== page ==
Increase in Species Protection
The provincial government has introduced legislation that enhances British Columbia’s ability to protect species at risk, Water, Land and Air Protection Minister Bill Barisoff announced today.
The Wildlife Amendment Act, 2004 expands government’s powers to protect and recover species. The legislation clarifies and reinforces B.C.’s authority to make its own decisions regarding species, using the best available science, and ensures full consideration of socio-economic implications. Decisions coming out of this process will provide certainty to land owners and land users, and ensure B.C. has the legislative authority to manage its species.
“B.C. already has a comprehensive system for managing wildlife resources that is second to none,” said Barisoff. “These amendments to the Wildlife Act, combined with our world-renowned parks and protected areas system, land-use plans, environmental assessment processes and partnerships with industry and conservation stakeholders, provide species protection in British Columbia.”
The amendments enable government to designate species and their residences, such as dens or nests, for additional protection and management. As well as having the ability to protect animals and birds, as is currently the case, government will also be able to designate fish, plants and insects.
British Columbia is home to a large number of species and the province has its own unique set of circumstances. By giving the province the power to manage its species, the amended act enables B.C. to address these issues in a way that meets the province’s own specific needs.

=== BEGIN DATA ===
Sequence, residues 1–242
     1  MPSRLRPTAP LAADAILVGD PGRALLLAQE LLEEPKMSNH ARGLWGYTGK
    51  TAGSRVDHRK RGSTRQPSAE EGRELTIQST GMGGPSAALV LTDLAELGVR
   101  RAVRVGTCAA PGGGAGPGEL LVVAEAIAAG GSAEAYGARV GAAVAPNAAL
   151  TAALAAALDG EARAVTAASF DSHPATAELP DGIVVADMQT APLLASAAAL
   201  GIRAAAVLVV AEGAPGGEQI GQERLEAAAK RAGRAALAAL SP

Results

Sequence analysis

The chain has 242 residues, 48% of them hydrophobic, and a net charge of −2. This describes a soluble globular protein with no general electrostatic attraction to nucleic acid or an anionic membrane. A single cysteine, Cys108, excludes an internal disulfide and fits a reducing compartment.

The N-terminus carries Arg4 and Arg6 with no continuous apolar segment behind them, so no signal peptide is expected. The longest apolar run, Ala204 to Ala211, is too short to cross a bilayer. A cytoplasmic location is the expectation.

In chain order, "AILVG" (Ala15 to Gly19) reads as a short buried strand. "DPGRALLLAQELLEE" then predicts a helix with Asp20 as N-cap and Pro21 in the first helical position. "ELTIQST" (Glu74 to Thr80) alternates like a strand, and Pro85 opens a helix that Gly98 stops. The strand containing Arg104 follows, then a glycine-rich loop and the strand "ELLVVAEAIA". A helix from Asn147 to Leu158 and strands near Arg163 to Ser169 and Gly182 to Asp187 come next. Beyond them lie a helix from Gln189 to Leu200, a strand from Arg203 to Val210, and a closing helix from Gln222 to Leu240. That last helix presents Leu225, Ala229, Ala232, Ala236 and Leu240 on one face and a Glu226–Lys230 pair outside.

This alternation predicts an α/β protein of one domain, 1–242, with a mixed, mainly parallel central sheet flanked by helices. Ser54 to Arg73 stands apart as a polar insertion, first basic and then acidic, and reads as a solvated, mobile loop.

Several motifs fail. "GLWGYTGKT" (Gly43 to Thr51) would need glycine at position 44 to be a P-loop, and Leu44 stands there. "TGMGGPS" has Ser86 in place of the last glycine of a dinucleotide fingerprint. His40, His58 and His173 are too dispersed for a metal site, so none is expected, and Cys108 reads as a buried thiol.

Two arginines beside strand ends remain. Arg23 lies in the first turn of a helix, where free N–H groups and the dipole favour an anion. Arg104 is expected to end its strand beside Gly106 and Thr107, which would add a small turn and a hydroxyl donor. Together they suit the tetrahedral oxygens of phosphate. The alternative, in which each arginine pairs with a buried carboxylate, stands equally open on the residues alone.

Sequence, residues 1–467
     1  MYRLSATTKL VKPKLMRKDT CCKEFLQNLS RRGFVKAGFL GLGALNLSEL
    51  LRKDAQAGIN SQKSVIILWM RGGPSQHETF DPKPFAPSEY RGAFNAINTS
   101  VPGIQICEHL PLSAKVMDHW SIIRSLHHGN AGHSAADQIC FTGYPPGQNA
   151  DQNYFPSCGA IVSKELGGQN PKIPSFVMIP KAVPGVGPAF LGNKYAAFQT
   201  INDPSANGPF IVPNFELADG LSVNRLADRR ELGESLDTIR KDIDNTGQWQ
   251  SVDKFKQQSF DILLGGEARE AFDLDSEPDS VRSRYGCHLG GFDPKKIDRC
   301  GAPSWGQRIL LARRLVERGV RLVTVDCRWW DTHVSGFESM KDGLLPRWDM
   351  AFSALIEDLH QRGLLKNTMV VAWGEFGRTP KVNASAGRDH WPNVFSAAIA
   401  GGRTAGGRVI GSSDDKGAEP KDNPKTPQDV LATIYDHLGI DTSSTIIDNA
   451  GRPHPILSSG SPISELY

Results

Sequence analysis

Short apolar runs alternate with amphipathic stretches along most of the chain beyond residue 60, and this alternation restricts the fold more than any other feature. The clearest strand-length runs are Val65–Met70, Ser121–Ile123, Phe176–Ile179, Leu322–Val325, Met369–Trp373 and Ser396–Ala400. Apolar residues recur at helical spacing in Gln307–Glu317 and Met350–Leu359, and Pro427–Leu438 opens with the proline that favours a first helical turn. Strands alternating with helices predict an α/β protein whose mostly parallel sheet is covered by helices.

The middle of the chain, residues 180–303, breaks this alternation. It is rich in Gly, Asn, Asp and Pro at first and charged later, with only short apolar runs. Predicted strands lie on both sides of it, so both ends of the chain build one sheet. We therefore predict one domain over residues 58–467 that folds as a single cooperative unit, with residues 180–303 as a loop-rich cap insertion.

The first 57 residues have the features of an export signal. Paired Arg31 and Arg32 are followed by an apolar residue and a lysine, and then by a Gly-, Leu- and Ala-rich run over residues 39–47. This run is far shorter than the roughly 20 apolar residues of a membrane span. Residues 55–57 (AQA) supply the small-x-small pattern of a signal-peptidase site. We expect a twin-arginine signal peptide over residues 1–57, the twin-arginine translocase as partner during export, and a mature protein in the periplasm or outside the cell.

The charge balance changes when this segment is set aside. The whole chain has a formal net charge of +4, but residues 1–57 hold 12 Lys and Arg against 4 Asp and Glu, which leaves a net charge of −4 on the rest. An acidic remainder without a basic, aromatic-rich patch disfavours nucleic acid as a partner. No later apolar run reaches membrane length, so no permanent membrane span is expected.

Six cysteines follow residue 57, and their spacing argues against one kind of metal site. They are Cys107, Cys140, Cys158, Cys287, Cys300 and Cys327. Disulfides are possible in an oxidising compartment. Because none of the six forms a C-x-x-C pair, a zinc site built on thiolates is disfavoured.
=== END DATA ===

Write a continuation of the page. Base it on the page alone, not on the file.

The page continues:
“The forest industry supports the need for strong, fair and effective species at risk protection in B.C.,” said Peter Affleck, Vice President, Council of Forest Industries. “The Wildlife Amendment Act provides certainty and clarity for industry regarding the provincial government's approach to species at risk.”
“There is a clear need to consider both the biological and socio-economic implications of measures to protect species at risk,” said Jock Finlayson, Executive Vice President of the Business Council of B.C. “This legislation supports a made-in-B.C. approach to species at risk, and should enable the province to meet the requirements mandated by federal law.”
“We support this approach to a made-in-B.C. solution for B.C. fish and wildlife designated as species at risk,” said Dave White, president of the B.C. Wildlife Federation. “We look forward to continuing to work with government to protect B.C.’s rich diversity of species.”
The act’s prohibitions relating to the killing, harming and trading of wildlife will now also apply to species of animals, birds, fish, plants or other organisms that are listed under the act as species at risk.
B.C. has long been a leader in protecting species at risk on Crown land. Last fall important steps were taken under the Forest and Range Practices Act to strengthen wildlife protection, and on May 3 an updated Identified Wildlife Management Strategy was established that designates species for special management to minimize the effects of forest and range practices on wildlife on Crown land. The Wildlife Amendment Act enables the Province to list the same species as the federal government can under its Species At Risk Act (SARA).